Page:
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UK identifies transformational technologies for 2030 in commercial shipping, ocean space exploitation and naval operations

A team from Lloyd’s Register, QinetiQ and the University of Southampton in the U.K, has looked towards the future of technology and provided a glimpse of the future these evolving technologies may provide by 2030 in their report “Global Marine Technology Trends 2030.”

As humanity is faced with challenges, such as consequences of climate change, increasing population and depletion of resources, technologies will play a key part in further development of humankind. Their roles may be classified into protecting the people, protecting the environment, and providing for the people.

The speed of innovation is rapid and the introduction of new technologies is swift, which means that predicting which technologies will transform commercial shipping, ocean space exploitation and naval operations is always a challenge.

As LR’s Marine Marketing Director, Luis Benito explains, “The marine world in 2030 will be a connected and digital one, bringing closer integration between people, software and hardware in a way that could transform the way we operate. We know technology is changing our world and there is a great deal of overlap between technologies and how they combine will be important.”

Marco Ryan, who is the Chief Digital Officer & Executive Vice-President of Wärtsilä Corporation. Ryan said at Nor-Shipping 2017: “Digital disruption is already affecting the marine sector and will do so increasingly in the future. There is today a subtle, yet significant, shift in thinking at all levels of the industry as we move from closed systems to more modular, secure, and interoperable products and solutions.”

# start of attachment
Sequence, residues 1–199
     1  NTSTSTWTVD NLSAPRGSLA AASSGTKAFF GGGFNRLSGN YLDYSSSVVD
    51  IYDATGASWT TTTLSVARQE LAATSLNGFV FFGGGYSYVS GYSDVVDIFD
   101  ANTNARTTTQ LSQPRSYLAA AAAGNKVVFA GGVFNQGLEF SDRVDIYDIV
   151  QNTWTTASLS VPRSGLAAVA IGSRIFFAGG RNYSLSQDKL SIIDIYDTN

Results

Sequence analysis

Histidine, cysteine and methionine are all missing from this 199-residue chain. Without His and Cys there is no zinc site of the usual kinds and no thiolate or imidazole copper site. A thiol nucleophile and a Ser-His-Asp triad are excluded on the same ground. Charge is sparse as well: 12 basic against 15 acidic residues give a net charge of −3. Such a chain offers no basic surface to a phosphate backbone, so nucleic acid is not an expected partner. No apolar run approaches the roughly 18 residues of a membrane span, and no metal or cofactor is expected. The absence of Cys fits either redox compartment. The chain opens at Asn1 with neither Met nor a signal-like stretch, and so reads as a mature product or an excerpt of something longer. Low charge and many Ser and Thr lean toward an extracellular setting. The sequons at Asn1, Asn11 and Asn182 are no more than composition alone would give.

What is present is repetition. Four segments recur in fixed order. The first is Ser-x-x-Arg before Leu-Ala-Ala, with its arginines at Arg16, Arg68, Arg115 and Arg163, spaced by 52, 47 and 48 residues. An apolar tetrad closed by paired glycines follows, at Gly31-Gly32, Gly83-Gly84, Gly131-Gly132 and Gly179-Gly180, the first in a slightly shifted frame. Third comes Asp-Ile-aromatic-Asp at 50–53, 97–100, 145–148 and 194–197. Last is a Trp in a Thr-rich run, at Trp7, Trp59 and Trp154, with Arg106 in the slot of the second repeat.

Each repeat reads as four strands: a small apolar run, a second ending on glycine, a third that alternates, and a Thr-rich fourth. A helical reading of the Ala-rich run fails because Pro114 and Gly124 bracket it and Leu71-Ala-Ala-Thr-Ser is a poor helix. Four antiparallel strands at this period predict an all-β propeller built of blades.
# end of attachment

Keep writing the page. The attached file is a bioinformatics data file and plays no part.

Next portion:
The report identifies two groups of technology drivers – those that will transform the ship design and build space – leading to advancement in ship building, propulsion and powering and the development of smart ships; and the technologies that drive safety, commercial and operational performance – advanced materials, big data analytics, communications, sensors and robotics.

Commercial Ships of 2030 Will Be Smart Green and Connected

The future poses many challenges but also opens many new opportunities. The emerging shift of geopolitical configurations and trade fragmentation has resulted in a competition between nations at sea. While this development will pose threats to peace and stability, new business opportunities are likely to open up for naval suppliers as a result of the increased demand for naval systems of all sorts.

The future commercial ships will be smart ships, they shall transition from digital ships to intelligent ships to Autonomous ships, and they will be data driven, greener, with flexible powering options, fully connected wirelessly onboard and digitally connected through global satellites. Robotics, sensors, big data analytics, propulsion and powering, advanced materials, smart ship, shipbuilding, and communication technologies are transformational technologies in the commercial sector.


Ocean space exploitation

With the explosion of consumption demanded by the growing middle classes from developing countries, the demand for raw materials, food and energy production will increase. With land-based resources depleting rapidly, attention will necessarily turn to ocean space for alternatives; efforts here will require sustainable technologies to protect the environment.